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Archived Content from Conference Held in May 1999 

Building on our Strengths:
Second International Conference on Language Teacher Education


Multiple Players, Multiple Policies, and the Potential of Standards as Organizer

June Phillips, Weber State University

Teacher education policies have reflected the adage that since everyone has gone to school, he or she assumes to be an expert on the schools. Voices from all segments of the public speak with great authority on what schools should do, how they should change or revert to tradition, who they should be employing and for how much, what students should study and for how long and so on. In what other area would society at large attempt to set policies for a profession in which they do not practice?

The attention paid to teacher education at the policy level in the US surges and ebbs, but as with the tides, it never ceases completely. At this turn of the century, it is surging: politicians, business people, religious leaders all focus on teacher education and the schools as a means to implement their agenda, agenda that are frequently much broader than the education of the nation's children. It is easy for educators to get caught in the whirl of mandates and guidelines from overlapping agencies or propositions. However, when one separates out the various initiatives, it becomes clear that some policies are transitory while others will have a real influence on the preparation of teachers. In particular, policies which converge in their basic tenets even though they may target different dimensions of teacher education do have the potential to reform.

This paper will concentrate on national policies that have achieved support in a number of states and that together could shape teacher education from the university experience through a teacher's career. The three-legged stool model includes program accreditation through the National Council for Accreditation of Teacher Education (NCATE), licensure of beginning and continuing teachers through the Interstate New Teacher Assessment and Support Consortium (INTASC), and accomplished teacher certification through the National Board of Professional Teaching Standards (NBPTS). If these programs, each with a set of principles or guidelines for assessment, targeted a distinct set of outcomes or were constructed on dissimilar theoretical models, policies to implement them would fail. At this time, translation of any of these programs into specifics for language education is just beginning, and the consensus that has formed in the profession around the general framework of the Standards for Foreign Language Learning: Preparing for the 21st Century (1996) and Standards for Foreign Language Learning in the 21st Century (in press) suggests that the student standards have a high potential for organizing the work needed to develop teacher and program standards.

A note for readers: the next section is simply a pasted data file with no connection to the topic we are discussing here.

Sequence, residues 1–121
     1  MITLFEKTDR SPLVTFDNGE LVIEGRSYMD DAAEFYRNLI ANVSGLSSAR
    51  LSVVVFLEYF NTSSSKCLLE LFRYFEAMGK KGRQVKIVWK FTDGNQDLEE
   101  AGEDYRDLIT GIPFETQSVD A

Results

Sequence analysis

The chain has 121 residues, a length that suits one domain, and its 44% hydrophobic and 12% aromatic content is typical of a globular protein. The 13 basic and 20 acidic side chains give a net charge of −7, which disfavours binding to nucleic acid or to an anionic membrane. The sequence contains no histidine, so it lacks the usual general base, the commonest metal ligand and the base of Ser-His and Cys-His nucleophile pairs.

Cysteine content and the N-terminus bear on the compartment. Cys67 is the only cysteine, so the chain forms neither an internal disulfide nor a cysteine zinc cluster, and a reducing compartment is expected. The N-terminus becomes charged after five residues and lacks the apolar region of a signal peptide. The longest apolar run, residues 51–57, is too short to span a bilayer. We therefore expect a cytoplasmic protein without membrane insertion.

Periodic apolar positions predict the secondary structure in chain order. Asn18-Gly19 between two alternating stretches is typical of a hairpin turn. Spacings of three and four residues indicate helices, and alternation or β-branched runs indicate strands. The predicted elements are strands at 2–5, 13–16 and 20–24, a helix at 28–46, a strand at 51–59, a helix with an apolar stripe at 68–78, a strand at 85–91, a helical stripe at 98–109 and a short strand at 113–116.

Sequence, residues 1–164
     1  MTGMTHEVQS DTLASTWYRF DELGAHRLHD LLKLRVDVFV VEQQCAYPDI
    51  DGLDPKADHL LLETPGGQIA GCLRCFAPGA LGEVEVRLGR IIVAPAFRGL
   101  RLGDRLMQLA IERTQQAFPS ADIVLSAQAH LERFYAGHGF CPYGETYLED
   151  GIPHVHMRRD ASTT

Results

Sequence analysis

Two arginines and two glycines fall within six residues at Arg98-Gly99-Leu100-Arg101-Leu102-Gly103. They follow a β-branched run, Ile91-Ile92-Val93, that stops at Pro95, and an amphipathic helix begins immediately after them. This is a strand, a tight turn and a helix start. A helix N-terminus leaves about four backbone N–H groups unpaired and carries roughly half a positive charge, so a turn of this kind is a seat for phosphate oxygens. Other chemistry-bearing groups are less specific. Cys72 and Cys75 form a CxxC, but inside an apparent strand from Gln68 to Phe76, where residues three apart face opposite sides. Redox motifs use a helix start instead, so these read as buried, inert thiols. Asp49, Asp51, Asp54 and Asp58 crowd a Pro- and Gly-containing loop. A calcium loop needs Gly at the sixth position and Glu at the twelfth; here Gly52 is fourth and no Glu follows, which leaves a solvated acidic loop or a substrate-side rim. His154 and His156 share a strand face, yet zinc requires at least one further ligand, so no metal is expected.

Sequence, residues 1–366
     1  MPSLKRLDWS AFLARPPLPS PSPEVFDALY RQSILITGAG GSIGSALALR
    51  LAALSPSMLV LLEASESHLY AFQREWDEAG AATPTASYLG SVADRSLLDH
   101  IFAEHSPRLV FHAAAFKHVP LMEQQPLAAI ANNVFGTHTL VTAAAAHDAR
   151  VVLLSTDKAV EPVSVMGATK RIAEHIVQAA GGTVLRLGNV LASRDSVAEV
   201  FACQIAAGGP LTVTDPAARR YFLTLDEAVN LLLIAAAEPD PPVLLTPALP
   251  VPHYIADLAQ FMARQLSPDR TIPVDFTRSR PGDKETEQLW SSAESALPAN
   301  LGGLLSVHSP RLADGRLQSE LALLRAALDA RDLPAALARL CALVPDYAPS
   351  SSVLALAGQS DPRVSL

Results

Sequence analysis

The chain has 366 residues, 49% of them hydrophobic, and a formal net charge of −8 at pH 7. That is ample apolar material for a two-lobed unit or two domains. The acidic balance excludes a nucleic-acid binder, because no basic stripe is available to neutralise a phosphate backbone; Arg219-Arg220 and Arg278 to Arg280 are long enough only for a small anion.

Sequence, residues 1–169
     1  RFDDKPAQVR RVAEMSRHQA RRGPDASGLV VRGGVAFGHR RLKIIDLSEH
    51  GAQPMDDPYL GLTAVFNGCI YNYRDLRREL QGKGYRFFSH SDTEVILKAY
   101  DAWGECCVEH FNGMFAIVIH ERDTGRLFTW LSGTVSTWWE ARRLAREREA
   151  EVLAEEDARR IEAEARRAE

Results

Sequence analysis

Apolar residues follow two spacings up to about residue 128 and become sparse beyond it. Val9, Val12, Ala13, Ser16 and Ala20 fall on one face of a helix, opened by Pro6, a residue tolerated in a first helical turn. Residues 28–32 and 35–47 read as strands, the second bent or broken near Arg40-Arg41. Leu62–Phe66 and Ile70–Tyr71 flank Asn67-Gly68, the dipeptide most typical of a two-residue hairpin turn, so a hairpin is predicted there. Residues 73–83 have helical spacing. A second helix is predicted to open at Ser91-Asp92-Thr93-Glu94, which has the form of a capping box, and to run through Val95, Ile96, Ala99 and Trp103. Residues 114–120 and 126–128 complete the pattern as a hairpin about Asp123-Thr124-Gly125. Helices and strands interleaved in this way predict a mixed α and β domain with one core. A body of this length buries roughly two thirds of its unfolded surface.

From the student standards, one can identify specific skills, bodies of knowledge, and ways of thinking that should constitute the preparation and the professional development of teachers who will be responsible for the longer sequences and broader goals that will characterize language study into the next century. The standards document also contains several frameworks for the study of languages and cultures that must begin to appear in teacher education programs at both the preservice and inservice levels: the framework of communicative modes that reorganizes a four-skills approach into one where interpersonal communication is seen as capitalizing on the capacity to negotiate meaning with another individual, and where interpretive and presentational communication require interaction with text; models of learning about cultures that draw upon processes of observing and thinking rather than finite facts and fictions; commitment to content-rich or -enriched learning that crosses the disciplines and moves into communities of language users. Policy can mandate program approval processes, licensure, and certification, but the implementation is dependent upon a core of beliefs and practices that permeates how those policies are transferred into procedures.


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